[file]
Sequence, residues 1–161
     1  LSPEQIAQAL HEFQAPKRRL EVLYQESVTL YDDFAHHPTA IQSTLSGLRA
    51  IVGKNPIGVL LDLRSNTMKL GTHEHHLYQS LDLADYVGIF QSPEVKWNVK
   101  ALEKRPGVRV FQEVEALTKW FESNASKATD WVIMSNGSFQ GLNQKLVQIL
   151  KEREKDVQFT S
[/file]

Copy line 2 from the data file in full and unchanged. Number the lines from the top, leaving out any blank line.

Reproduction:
     1  LSPEQIAQAL HEFQAPKRRL EVLYQESVTL YDDFAHHPTA IQSTLSGLRA